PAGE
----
POP Dashboard

Purchase Order Plus Update: Workflow

We also wanted to offer you a way to better control your purchasing function and because of this, we are excited to present you the purchase order workflow. Using our software, you can set a customizable workflow for PO approval. This will allow you to set who can request a purchase order (requestor) and who can approve it (approver).

Once the order is created, it can enter the approval workflow, where you can set rules based on the following filters:

  • Xero Tracking Code 1 Matches or Not Equal To
  • Xero Tracking Code 2 Matches or Not Equal To
  • Xero Account Matches or Not Equal To
  • Supplier Matches or Not Equal To
  • Amount Operators “Less Than”, “Greater Than”, “Matches”, “Not Equal To” or “Between”

Purchase Order Plus Update: Delegate Users

Another new feature we have included in the Purchase Order Plus update is the ability to easily delegate users and keep control of who can create POs. For example, if you want to allow an employee to create a purchase order, but not give them full access to your Xero accounting system, POP software allows you to do this by inviting the employee as a user via the POP setup screen. From here, they can create or approve POs and they will sync directly with Xero. Since POP software directly syncs with your Xero file, there’s no need for employees to access Xero directly. Instead, they can access suppliers, items and account codes as easily from their end.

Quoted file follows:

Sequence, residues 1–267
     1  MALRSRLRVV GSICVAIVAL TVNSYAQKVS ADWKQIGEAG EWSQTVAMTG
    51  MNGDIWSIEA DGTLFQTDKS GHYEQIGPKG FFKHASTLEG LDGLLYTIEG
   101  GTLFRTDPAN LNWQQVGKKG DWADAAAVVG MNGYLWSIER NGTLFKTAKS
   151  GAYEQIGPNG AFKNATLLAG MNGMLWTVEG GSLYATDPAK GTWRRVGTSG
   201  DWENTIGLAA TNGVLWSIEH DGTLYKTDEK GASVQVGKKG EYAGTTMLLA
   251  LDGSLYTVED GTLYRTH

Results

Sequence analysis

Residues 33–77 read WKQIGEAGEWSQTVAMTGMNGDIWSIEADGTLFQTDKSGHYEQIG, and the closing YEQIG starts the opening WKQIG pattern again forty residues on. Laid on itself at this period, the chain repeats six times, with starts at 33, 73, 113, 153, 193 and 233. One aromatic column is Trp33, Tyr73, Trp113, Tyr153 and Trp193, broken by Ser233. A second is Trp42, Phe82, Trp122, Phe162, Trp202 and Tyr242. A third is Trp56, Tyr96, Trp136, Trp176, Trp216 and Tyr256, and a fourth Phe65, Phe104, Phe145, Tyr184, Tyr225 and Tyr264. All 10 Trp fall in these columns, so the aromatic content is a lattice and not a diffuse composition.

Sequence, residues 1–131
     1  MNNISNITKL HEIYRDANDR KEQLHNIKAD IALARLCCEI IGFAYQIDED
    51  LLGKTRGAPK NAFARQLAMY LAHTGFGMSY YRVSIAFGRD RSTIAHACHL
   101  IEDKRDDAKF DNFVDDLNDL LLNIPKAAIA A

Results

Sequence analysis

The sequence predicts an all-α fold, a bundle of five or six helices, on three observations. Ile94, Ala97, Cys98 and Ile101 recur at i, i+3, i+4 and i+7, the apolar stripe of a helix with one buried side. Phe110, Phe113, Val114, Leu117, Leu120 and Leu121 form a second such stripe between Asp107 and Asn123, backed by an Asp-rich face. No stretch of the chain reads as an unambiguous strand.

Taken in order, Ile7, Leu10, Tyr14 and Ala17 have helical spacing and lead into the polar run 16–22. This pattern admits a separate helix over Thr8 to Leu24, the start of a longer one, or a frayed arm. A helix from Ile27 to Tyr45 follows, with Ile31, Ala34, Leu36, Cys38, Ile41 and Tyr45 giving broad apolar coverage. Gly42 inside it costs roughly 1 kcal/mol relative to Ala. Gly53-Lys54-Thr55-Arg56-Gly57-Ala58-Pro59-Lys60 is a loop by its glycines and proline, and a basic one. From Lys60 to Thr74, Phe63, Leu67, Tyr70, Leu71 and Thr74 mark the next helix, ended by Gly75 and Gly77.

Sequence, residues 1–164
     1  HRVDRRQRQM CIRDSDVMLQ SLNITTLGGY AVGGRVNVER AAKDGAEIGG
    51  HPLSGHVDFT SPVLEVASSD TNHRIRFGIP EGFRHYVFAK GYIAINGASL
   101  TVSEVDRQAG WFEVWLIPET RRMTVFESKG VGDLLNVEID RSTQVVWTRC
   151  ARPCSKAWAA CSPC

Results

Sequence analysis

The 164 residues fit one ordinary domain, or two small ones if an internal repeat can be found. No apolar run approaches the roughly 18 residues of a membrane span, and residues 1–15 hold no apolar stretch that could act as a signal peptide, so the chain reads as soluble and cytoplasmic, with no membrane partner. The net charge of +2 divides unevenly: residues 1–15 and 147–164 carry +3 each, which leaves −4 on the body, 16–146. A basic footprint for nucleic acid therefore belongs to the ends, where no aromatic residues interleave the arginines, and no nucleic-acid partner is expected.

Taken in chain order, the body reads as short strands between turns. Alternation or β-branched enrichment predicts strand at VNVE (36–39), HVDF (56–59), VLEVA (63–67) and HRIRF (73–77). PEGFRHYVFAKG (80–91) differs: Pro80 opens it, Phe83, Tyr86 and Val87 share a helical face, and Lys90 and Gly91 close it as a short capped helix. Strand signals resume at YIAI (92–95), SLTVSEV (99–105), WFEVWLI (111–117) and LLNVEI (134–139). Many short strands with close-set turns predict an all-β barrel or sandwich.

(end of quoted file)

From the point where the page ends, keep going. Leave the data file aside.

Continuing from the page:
User Setup

Purchase Order Plus Update: Create and Approve POs on Mobile

Finally, Purchase Order Plus users can create and approve purchase orders using their mobile devices. Since POP directly integrates with your Xero file, you can easily enter the information in the PO. This means that all items and account codes will be synced with Xero and when you start typing your vendor’s name, POP will start a search for its information on your Xero account.

Thanks to this, your users will now have the ability to create, approve and send purchase orders on their mobile devices and speed up the entire process for your organization.

PO’s on Mobile Device

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CEO Purchase Order Plus